Outline Part 1• LTE Data Points o 96 Commercial LTE deployments mainly in the 1.8 and 2.8GHz bands o APAC has 40% of LTE subscribers, likely to be the high growth region o Drivers for LTE: Throughput, efficiency and low latency o TD-LTE: 12 commercial deployments, 24 contracts and 53 Trials o Streaming video dominates traffic on handheld devices, with YouTube being the top traffic generator at 27% of peak traffic• South Korea Data Explosion o South Korea has seen OTT explode, Kakao Talk 51 mins of usage per day o 20 times smartphone growth in 2 years (28M in June 2012, 53% penetration) o 60 times mobile data growth to 37TB per month, 32% is from LTE devices o LTE subs use 2.9GB per month compared to 3G sub on average use 1.2GB o LTE subs reached 10M, 141% month growth o Drive for LTE speed (37%) and latest device (31%) o Challenge Jan 2010 and Jan 2012 ARPU fallen from $48-$35 while data use risen from 180MB to 992MB o Focus beyond voice, messaging and data into VAS: virtual goods (Korean thing), ICT and cloud services / solutions (focus on enterprise)• HK CSL Migration to LTE o 3G is congested, LTE is not o Key is LTE devices available, unlike the early 3G days o Migrating customers away from unlimited plans to family and shared plans that deliver value o LTE sub uses 2-5 times the data of 3G subs o CSFB works o Average speed seen is 20 Mbps o Using Software Defined Radio, Single vendor RAN, Self Organizing Networks o Migration to LTE-A, small cells and WiFi where appropriate
Outline Part 2• Starhub’s migration to LTE (they launched LTE at the event) o 50% of voice traffic is still on 2G o Using AMR to re-farm 2G spectrum to LTE o Site access is critical – drive to software defined radio to avoid site visits• NTT DoCoMo’s VoLTE Evolution o 70% devices in portfolio are not LTE o All smartphones support CSFB o Drive to VoLTE is simply to switch off 3G voice (2G already off) o BUT IMS has missing functionality / standards – migration from 3G to VoLTE is not easy – example of failing in standards on basic issues• Yes: Example of innovative converged 4G operator in an developing market that uses web principles for service delivery• Role of Mobile Identity in BYOD o BYOD is as significant a trend if APAC as any other market o 1 phone but 2 identities o Provides a nice review of the approaches in managing BYOD• LTE Quad-Play in Emerging Markets: TD-LTE case study• Smartphone growth implications: Review of the signaling problem and mitigation strategies across 3G and LTE. Highlights challenge current standards process in gap between specification and deployment.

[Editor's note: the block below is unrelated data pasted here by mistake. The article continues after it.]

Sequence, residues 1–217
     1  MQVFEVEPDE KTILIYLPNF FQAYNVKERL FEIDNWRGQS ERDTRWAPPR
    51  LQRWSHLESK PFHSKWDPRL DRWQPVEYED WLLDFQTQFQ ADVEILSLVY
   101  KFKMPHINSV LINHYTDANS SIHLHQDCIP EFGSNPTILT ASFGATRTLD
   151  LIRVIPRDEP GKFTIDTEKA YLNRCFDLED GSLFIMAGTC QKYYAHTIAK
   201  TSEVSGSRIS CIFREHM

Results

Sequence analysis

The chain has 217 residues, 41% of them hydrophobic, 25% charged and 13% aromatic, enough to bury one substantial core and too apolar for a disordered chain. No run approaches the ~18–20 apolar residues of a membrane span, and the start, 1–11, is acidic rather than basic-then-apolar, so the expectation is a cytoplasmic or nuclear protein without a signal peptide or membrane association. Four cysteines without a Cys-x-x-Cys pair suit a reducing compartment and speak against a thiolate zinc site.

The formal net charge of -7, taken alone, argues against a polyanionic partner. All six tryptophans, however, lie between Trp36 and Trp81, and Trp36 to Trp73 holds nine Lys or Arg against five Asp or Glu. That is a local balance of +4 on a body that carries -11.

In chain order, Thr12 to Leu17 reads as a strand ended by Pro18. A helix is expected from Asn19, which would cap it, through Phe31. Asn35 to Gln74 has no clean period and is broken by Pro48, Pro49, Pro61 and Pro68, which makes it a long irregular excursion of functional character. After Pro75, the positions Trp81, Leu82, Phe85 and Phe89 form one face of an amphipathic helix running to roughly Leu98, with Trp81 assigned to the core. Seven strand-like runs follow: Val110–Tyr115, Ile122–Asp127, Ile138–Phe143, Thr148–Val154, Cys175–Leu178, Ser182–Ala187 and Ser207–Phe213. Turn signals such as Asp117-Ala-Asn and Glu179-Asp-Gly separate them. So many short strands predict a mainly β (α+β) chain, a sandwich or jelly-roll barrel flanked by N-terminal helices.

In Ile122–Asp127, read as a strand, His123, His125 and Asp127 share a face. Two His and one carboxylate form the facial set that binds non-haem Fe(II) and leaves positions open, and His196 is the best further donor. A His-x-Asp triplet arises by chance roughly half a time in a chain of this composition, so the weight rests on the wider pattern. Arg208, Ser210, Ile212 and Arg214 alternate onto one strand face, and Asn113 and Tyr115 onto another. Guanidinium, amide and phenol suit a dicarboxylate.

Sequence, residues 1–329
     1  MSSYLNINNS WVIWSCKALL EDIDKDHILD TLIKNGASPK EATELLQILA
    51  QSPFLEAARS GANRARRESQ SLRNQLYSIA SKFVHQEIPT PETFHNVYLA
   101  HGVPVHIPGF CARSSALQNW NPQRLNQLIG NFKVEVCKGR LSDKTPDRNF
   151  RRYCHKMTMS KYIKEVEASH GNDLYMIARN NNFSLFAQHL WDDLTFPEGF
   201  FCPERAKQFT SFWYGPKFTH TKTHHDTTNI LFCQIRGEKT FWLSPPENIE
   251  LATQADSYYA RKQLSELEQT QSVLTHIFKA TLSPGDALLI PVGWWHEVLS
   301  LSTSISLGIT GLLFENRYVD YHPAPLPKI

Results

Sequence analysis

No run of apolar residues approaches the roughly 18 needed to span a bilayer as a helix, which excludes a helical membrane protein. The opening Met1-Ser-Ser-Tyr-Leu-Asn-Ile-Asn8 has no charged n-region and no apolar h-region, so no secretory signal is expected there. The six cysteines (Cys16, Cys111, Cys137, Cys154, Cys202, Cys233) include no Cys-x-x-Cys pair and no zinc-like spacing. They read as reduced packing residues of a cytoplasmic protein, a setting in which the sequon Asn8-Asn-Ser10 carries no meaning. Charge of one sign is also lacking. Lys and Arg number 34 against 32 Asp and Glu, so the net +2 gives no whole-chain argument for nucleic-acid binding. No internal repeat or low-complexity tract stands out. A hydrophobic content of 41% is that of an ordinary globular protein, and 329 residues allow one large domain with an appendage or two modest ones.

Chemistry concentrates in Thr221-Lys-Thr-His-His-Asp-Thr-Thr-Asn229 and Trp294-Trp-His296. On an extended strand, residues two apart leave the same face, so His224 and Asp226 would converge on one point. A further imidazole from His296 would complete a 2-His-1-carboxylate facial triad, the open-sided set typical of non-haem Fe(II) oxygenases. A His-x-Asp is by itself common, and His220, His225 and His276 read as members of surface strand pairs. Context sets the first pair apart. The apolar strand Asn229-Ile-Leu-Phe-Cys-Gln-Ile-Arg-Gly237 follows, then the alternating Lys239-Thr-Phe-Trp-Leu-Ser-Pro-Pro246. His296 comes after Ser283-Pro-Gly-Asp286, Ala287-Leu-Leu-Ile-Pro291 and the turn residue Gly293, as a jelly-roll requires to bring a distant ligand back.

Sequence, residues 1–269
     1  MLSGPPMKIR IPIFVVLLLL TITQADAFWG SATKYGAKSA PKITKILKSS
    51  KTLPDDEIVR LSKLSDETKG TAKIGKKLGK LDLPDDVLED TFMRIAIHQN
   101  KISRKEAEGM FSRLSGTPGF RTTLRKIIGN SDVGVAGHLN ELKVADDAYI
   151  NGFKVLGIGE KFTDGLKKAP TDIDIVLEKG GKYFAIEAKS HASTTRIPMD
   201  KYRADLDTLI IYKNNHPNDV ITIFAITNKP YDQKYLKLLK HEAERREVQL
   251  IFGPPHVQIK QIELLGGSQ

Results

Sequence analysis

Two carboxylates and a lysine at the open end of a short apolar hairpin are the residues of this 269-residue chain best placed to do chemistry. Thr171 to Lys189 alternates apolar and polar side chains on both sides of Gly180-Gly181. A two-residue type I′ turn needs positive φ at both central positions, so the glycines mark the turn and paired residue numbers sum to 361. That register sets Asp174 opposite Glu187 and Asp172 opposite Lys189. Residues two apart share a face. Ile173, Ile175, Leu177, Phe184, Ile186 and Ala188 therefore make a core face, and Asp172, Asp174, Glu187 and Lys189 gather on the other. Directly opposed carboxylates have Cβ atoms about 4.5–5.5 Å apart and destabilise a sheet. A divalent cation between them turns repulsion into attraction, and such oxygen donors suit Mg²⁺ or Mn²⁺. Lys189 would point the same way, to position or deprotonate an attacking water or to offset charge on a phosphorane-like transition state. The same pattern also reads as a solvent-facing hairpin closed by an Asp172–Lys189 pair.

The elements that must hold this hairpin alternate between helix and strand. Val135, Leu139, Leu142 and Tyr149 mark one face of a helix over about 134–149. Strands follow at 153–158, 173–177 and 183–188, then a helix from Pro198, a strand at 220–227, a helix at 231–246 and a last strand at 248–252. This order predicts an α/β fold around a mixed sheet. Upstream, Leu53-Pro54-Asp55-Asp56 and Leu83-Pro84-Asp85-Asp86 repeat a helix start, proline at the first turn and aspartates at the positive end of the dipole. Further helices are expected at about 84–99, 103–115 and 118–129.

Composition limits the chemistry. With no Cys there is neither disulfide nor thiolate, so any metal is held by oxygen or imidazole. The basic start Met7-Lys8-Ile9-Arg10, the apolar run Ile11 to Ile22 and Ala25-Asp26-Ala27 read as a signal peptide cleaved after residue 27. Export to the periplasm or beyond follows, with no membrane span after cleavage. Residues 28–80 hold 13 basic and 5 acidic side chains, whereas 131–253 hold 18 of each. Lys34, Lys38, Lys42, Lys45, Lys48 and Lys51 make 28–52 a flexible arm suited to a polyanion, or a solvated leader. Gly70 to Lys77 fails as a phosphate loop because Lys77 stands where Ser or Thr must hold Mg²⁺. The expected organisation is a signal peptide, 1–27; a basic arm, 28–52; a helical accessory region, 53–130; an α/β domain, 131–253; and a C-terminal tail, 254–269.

LTE spectrum is a bit of a mess, there’s 41 bands in total which no one device can cover, lack of a global frequency plan is one of the problems that killed WiMAX. Band issues caused the problem we saw in Australia where its 4G iPad did not work on 4G. Likely there will be a core set of frequencies that roam, e.g. 1.8 and 2.6 GHz. With 96 Commercial Deployments LTE makes much more sense in 2012 than in 2009.
APAC accounts for 40% of LTE subscribers, and is likely to be the fastest growing region given the number of emerging market LTE deployments focused on converged access (across fixed and mobile).
Things really get interesting with LTE-A and B, which are where the capacity really starts to grow. In discussions at the show many operators with availablespectrum are looking at LTE-A and B rather than using WiFi or Super-WiFi. Note HSPA/LTE spectral efficiency is only 20% difference.
TD-LTE (Time Division-Long Term Evolution) is gaining much interest in APAC, most operators are putting this on their roadmap, its no longer a ‘China Mobile special.’
Its Video – nearly 70% of it, with YouTube making up nearly half of that traffic. Smart cache, as discussed on this weblog several years ago is now critical: http://www.alanquayle.com/blog/2011/11/video-over- the-internet-the-di.html and http://www.alanquayle.com/blog/2010/07/mobile-broadband-backhauls- the.html
Caching is only part of the solution, and it needs to be done on the wire, not at the object level.